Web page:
Infectious bacteria and inflammatory insults can be so toxic to an organism that they require an immediate response. One such response, called pyroptosis, causes an inflammatory cell death that both alerts the immune system to the immediate threat and also ensures a continued inflammatory effort. In classical pyroptosis, Caspase-1 or Caspase-11 (Caspase-4/5 human) cleaves the pore forming protein, Gasdermin D (GSDMD). This cleaved GSDMD then oligomerizes to form a pore in cellular membranes. Gasdermin D pore formation allows the acute release of IL-1 from the cell, while also destroying membrane integrity such that mitochondrial damage and electrolyte imbalances quickly kill the cell. Implicit in this is that should pyroptosis be blocked, either genetically or pharmacologically, neutralization of the pathogen is so important to organismal survival that alternative mechanisms to initiate cytokine release and inflammatory cell death must have evolved. We are only now beginning to understand these compensatory responses and their role in shaping the immune response. Our preliminary data, with support from the preliminary data from the other three projects in this PPG application, will establish that mechanisms of compensation involve both Gasdermin redundancy and alternative protease cleavage events. We hypothesize that these compensatory mechanisms are cell-type specific. We further posit that they influence the timing and amplitude of cytokine release, the timing and inflammatory capacity of the resulting cell death and the in vivo immune response to inflammatory stimuli. The overall hypothesis of this application is that mechanisms to compensate for loss of pyroptosis alter the inflammatory and immunologic response to an inflammatory insult. We further hypothesize that this compensation helps establish myeloid cell homeostasis and that disruption of these compensatory mechanisms influences the pathologic development of Myelodysplasia and subsequent Leukemia progression. The long-term goal of this work is to better understand how pyroptotic compensatory mechanisms influence the inflammatory response and immunologic homeostasis in hopes of better understanding how to manipulate these pathways in disease.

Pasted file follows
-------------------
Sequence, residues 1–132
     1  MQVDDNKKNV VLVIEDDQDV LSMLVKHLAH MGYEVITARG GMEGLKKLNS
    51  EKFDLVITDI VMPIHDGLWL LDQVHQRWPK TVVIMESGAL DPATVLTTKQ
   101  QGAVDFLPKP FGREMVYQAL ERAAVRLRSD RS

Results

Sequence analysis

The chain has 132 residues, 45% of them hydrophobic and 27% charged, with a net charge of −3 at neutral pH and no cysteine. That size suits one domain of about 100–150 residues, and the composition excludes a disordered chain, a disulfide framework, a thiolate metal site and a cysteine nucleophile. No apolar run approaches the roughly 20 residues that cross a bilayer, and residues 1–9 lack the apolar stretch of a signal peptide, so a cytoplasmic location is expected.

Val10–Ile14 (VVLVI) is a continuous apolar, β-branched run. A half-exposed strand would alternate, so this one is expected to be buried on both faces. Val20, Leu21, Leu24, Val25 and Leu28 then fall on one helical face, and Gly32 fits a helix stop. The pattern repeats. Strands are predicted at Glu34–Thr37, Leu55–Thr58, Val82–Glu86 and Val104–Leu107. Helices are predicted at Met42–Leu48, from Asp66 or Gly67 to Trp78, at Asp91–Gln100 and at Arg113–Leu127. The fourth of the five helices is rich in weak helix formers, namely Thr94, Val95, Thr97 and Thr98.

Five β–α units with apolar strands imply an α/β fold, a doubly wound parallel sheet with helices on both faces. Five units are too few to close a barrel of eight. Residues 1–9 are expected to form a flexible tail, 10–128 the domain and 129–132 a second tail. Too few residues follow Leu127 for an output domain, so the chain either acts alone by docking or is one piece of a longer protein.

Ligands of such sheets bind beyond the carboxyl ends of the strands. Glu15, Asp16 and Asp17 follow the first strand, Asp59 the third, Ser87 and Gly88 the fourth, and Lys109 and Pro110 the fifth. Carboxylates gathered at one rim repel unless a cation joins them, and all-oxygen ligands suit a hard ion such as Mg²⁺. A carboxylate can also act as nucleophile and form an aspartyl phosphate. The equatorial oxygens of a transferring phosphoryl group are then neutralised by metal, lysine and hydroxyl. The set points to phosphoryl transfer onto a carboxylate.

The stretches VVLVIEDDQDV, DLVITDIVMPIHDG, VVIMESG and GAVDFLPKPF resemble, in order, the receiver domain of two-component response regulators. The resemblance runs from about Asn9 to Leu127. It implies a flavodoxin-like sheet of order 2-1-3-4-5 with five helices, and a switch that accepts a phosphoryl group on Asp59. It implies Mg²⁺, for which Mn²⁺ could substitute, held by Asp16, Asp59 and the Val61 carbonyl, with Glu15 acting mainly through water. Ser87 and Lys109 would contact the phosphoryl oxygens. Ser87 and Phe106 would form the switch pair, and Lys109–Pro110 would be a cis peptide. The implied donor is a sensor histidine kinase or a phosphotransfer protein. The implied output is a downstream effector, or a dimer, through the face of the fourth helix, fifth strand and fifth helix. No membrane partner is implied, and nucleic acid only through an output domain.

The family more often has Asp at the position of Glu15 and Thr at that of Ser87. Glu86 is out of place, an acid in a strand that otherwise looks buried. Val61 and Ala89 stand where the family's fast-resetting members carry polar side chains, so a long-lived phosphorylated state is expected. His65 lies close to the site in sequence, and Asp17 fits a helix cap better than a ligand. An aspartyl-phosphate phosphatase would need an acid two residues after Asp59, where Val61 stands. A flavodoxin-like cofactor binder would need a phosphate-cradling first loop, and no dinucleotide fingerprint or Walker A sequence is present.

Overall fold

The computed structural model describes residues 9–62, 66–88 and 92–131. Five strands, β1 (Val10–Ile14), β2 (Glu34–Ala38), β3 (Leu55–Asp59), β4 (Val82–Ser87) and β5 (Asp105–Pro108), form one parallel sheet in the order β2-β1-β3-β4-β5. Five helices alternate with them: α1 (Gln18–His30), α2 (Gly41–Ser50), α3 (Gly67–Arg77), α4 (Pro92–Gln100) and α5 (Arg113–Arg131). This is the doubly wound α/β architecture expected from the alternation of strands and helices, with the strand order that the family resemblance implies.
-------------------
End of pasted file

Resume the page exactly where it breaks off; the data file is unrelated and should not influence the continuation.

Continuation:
Lay Summary Throughout human history, infectious diseases and inflammatory such as the flu or cold viruses or stomach bugs, have been drivers of human evolution. These threats are so dangerous that humans have evolved redundant mechanisms to neutralize them. The Gasdermin family of proteins helps drive inflammation in the face of these threats. Despite this, little is known about Gasdermin family redundancy, the mechanisms by which Gasdermin family members are regulated and Gasdermin family members role in normal blood cell development. This grant application aims to study these important problems in the context of inflammatory disease.